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Explore Borgarvirki Fortress

Borgarvegur, Iceland



0.5 miles

Elevation Gain

75 ft

Route Type



Added by Barry Holloway

Many people travel to the Vatnsnes Peninsula of northern Iceland to visit Hvítserkur, the stone troll, but nearby is a historic site you’ll not want to miss. At 177m (580ft) above nearby Húnafjörður, Borgarvirki is believed to be an ancient fortress atop a volcanic plug.

After driving road 711 clockwise from Hvammstangi around the Vatnsnes Peninsula and stopping to visit Hvítserkur, I had to decide whether to continue straight on 711 or turn left onto 717. Since both led to the Ring Road, either was suitable. Maybe because it looked as if 717 might pass closer to a lone peak in the valley ahead, I turned left. It’s a great way to travel, spot something interesting off in the distance—go explore it!

It soon appeared the road would not pass around the east side of the peak as expected, but almost over the top of it! The narrow gravel road followed contours of the mountain, and in many cases was perched atop ridges with steep drops to either side. Nearing the top, I spotted the familiar “four leaf clover” design indicating a point of interest.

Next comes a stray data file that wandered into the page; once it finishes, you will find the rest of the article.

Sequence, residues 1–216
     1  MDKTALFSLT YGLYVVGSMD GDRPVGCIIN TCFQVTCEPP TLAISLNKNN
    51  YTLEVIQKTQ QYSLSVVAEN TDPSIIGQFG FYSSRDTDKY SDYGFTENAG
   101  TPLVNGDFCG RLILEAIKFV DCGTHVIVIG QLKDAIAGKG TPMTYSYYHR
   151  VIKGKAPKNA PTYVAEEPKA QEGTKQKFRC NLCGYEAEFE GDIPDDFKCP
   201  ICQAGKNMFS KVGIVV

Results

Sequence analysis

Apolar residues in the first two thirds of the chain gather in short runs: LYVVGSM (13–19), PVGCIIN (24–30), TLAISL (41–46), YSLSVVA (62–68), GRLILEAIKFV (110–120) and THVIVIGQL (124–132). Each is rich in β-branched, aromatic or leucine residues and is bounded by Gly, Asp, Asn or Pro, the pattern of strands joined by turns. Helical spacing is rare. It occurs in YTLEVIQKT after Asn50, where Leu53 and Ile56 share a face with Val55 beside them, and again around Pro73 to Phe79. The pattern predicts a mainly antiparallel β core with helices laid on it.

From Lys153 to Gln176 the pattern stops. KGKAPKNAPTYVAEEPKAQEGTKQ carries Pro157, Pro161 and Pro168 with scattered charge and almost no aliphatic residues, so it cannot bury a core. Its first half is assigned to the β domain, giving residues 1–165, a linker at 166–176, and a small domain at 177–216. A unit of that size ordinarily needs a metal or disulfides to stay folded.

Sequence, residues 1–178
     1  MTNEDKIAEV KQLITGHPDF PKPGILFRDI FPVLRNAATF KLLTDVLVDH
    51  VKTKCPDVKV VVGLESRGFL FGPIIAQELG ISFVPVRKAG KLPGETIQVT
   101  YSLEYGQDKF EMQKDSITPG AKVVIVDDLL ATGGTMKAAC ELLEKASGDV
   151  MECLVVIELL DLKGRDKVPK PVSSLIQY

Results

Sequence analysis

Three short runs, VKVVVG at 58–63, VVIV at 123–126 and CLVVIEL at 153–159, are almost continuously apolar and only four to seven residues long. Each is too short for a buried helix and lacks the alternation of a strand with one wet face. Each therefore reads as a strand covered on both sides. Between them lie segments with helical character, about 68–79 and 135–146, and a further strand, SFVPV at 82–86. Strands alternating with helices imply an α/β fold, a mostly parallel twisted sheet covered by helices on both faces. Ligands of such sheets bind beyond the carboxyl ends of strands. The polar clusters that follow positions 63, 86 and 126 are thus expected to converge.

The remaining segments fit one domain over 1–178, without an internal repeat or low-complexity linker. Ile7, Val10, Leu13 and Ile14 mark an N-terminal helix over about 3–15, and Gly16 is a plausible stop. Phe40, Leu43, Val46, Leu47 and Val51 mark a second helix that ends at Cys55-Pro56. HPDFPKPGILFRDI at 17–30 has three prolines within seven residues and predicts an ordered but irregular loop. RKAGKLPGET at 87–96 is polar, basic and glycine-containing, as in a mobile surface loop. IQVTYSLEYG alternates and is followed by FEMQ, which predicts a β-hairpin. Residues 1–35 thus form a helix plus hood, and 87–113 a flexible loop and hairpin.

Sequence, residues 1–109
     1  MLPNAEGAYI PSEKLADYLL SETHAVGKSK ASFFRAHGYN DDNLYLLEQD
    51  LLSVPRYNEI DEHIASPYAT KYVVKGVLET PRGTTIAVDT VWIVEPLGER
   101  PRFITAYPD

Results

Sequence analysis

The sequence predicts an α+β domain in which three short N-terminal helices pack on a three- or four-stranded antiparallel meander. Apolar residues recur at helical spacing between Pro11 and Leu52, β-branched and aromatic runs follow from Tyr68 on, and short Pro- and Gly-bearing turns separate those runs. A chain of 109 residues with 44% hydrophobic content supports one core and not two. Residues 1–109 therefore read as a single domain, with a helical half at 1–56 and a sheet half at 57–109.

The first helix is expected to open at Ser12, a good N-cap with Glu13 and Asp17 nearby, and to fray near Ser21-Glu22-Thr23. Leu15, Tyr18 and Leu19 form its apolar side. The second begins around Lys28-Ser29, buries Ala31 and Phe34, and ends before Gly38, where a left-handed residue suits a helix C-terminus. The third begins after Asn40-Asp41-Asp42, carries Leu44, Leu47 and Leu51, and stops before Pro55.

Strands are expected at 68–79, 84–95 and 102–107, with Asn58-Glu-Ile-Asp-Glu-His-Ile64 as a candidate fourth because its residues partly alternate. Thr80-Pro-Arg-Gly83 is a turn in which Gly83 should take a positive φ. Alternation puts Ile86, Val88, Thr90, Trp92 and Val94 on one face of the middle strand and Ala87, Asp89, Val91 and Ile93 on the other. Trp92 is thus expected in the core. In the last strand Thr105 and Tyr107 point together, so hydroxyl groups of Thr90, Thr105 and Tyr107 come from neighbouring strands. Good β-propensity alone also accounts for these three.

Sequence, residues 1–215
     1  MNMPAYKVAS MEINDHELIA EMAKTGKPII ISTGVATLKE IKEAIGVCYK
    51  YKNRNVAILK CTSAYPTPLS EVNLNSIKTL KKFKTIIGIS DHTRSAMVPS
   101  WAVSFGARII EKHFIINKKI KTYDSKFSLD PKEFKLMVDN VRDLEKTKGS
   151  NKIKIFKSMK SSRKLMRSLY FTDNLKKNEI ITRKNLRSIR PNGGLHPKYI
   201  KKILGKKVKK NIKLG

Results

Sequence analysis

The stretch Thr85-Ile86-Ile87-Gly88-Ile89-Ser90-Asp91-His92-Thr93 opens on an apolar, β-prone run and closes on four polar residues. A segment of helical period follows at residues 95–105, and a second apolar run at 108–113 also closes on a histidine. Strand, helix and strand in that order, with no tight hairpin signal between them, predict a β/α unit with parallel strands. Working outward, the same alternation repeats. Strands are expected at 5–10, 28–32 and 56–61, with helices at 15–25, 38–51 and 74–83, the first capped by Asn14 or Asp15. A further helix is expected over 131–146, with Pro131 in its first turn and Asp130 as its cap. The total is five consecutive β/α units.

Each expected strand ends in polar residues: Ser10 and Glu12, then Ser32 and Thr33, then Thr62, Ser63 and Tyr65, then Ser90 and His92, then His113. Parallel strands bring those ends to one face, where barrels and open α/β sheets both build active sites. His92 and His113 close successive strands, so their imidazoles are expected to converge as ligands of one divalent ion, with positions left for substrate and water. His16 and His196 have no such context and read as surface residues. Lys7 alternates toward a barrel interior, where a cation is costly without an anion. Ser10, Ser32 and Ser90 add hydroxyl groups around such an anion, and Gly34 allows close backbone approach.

The point of interest is the summit of an ancient volcano that has, over time, eroded away leaving a tower of basalt columns rising 10 – 15 meters (35 – 50 feet) higher. From the parking lot, a trail and steps lead up to an opening in a stone wall built within a natural opening between the columns. Inside, more stones appear to outline small rooms. Climbing up further, you’re able to walk atop columns around the perimeter of the formation for a 365 degree view. In some areas, walls have been built for additional fortification.

Although there are no existing documents detailing the history, it is believed to have been built around 1000 AD by Víga-Barði, “Killer Barði”, as a defense against Borgarfjörður men. In an attempt to trick the attackers, who planned to starve Barði and his men into surrendering, Barði flung their last bit of food, a blood-sausage, at the besieging forces. Thinking they still had plenty of supplies, the forces withdrew. In 1817, Borgarvirki was granted conservations status, one of Iceland’s first historical sites to receive this status.

Admire the views one last time and consider a siege was defeated here by someone flinging food at their attackers, then make your way back to the parking area. Continue south on 717 and veer left as it runs into 716; the Ring Road is only a few minutes away. If you don’t want to drive the entire route around the peninsula, you can drive to Borgarvirki and back on this same section of road. 

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